Four Great Marvel Movie Audio Commentaries

Iron Man 3 (Featuring Shane Black and Drew Pearce)

Why Listen: While listening to this track, I forgot I was supposed to be working and taking notes. The Kiss Kiss Bang Bang commentary is one of the funniest commentaries I’ve heard, and the same goes for this track. Any fan of Black’s sense of humor can hear plenty more of it in his commentaries. Making the track even more of a joy is that he’s speaking with his equally funny Iron Man 3 co-writer Drew Pearce. They go through all the ins and outs of constructing Iron Man 3’s story, the revisions, and scenes and lines cut from an assembly cut that ran 3 hours and 15 minutes long. With honesty and some laugh-out-loud moments, Black and Pearce cover a lot of the nuances involved in making a satisfying blockbuster with a bit more underneath the hood than most popcorn movies.

What’s Said: While Tony Stark is a man with everything, Black gave him little to fight with except his wits in most of Iron Man 3. The movie has a refreshingly grounded approach to superhero action with its lead always struggling and mostly scraping by. According to Pearce, Black has a unique way of imagining his always playful set pieces:

Shane told me when he imagines action sequences – and Shane sometimes dreams action sequences – in order to feel the most empathy for the people involved, he’ll imagine his dogs instead of humans, which is an idea I really like. If you think about the air force one sequence with dogs, it makes it incredibly poignant and sad.

Black later adds:

I have such a love-hate with action in films. It’s considered important to get to the action, but it’s important to make a unique movie.

More of What’s Said: There’s not a whole lot of day to day talk about what happened on the set since Pearce and Black mostly focus on storytelling and striving to make escapist entertainment with substance. They wanted to aim higher, as John McTiernan did on Die Hard:

One of my favorite directors, John McTiernan, had called me while he was doing Die Hard and had the script in front of him. He said to me, “I just want to run something by you. I think this is the Odysseus myth, Die Hard.” I’m like, “Ok, come again.” He goes, “Well, if you think about it, the King has kidnapped and taken the Queen while Odysseus was off on a journey. He returns home to find his kingdom compromised, his love stolen, and he has to fight to reclaim from the King that which was his.” You totally read that triangle between Hans Gruber, Bruce, and the wife. At the end when he falls, it’s because he releases the symbol of prestige, that watch, and says, “I’m a plodder and I’m a real guy, and you’re just a poser and a rich asshole.” He releases him, he falls, and he reclaims his wife. It really is the Odysseus myth.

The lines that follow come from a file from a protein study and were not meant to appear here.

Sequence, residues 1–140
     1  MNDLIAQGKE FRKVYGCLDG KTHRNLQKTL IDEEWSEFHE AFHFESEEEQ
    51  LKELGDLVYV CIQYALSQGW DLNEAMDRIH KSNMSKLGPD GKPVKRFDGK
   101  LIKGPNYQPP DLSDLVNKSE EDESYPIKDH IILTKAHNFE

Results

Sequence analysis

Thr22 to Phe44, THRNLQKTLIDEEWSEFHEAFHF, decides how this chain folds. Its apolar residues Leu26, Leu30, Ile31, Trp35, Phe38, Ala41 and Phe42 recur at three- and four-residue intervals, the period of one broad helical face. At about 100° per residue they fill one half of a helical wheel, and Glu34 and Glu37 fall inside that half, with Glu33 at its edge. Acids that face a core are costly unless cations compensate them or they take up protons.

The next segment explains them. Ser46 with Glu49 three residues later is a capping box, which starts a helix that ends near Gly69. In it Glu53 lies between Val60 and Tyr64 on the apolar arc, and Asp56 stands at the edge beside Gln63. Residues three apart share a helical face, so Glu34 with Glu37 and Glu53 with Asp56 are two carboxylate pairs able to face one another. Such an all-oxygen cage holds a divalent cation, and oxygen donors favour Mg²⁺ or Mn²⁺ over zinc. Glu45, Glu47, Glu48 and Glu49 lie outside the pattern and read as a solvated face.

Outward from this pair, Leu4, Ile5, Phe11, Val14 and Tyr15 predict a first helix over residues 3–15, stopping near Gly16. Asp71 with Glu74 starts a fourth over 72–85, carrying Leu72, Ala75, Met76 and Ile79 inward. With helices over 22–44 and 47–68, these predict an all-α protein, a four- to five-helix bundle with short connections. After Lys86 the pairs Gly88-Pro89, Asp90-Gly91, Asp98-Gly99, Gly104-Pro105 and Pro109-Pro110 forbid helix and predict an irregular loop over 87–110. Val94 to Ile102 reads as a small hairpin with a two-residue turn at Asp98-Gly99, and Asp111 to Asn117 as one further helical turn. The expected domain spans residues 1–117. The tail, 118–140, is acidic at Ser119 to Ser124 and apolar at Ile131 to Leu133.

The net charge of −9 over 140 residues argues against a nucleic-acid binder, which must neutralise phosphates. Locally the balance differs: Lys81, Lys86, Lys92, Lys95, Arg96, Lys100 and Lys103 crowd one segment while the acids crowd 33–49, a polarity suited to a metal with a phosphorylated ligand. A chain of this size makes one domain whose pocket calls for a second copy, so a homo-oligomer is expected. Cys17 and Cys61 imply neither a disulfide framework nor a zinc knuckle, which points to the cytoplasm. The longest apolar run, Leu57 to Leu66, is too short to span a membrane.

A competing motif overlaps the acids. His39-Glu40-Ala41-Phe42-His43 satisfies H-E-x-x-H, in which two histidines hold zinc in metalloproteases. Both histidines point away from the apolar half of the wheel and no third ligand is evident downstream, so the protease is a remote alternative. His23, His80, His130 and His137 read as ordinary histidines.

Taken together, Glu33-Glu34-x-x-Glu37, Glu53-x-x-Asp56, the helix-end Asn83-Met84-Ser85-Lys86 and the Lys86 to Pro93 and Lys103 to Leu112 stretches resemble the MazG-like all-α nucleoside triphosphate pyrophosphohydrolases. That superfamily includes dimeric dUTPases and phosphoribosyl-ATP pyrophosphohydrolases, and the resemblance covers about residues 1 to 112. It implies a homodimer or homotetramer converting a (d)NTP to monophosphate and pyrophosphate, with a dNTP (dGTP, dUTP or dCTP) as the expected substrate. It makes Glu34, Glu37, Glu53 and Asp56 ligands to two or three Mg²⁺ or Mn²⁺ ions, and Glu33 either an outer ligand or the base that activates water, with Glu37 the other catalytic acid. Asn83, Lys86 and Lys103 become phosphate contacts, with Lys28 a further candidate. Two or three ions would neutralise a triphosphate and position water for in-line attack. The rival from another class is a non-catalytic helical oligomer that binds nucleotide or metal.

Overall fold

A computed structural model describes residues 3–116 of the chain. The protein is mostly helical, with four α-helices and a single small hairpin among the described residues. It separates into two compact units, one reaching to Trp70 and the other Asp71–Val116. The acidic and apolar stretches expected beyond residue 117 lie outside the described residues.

Trivia: The documentary Senna inspired the image of Pepper Potts holding the cracked Iron Man helmet to her head.

Thor (Featuring Kenneth Branagh)

Why Listen: The most eloquent commentary of the bunch comes from Sir Kenneth Branagh, who’s done wonders with the English language on the screen and stage. Even when he’s talking about Comic-Con or Chris Hemsworth‘s frame, he does so with panache. Some of the finest of directors fall trap to explaining what’s happening on screen in their commentary tracks, but when Branagh does it, it’s still music to the ears. When he discusses the Foo Fighters, it’s only further proof Branagh would’ve made for a helluva radio show host if, you know, all his award-winning acting, writing, and directing didn’t pan out.

What’s Said: Branagh’s track unsurprisingly features the most actor talk. He goes beyond the typical “oh that actor’s great” praise as well, and instead explains the subtleties of the work on display. Branagh frequently shares info about how he tends to work with actors these days:

When you put these two together [Anthony Hopkins and Tom Hiddleston] to do something like this [dramatic scene], I think you are blessed. Tony Hopkins, this was his first day on set, his first scene. I decided I would experiment with something I had been experimenting with as an actor myself, which was to start the day, in a scene like this, by shooting the close-ups first. Normally, you’d start with a wide shot and then you’d move slowly in and might get the close-up after lunch or in the middle of the afternoon. Whatever time we got him on set in the morning, Tony was doing the close-ups for this scene. He was incredibly generous to young Tom, who was incredibly patient and did his close-ups much later in the day or the next day.

A Day on the Job: Branagh’s track is about as funny as the ones for Ant-Man and Iron Man 3. He has a sharp wit and a spot-on Chris Hemsworth impersonation he unleashes when Thor is shirtless – a moment, as I recall, heavily featured in TV spots:

This work evidenced by Chris Hemsworth’s torso was the product of his six-nine months of very intensive work in the gym. I thought that I might risk saying that I had his head pasted on my body here for this sequence, but I feared you wouldn’t believe me, so I guess I’m going to have to tell you it was him. I remember a few days before we shot this saying, rather embarrassingly, “Hey Chris, I want to do this shot. It seems important to me we reveal Thor in this way. Do you mind taking your shirt off?” To which he replied: “[Australian Accent] Do I mind? I’ve been doing this for nine months, mate, of course I’m going to get my shirt off.” I’m glad he did because it’s produced gasps in early screenings. We needed Thor to look like a God, and Chris Hemsworth does.

Trivia: Thursday is named after Thor. In Old English, Thursday means Thor’s day.

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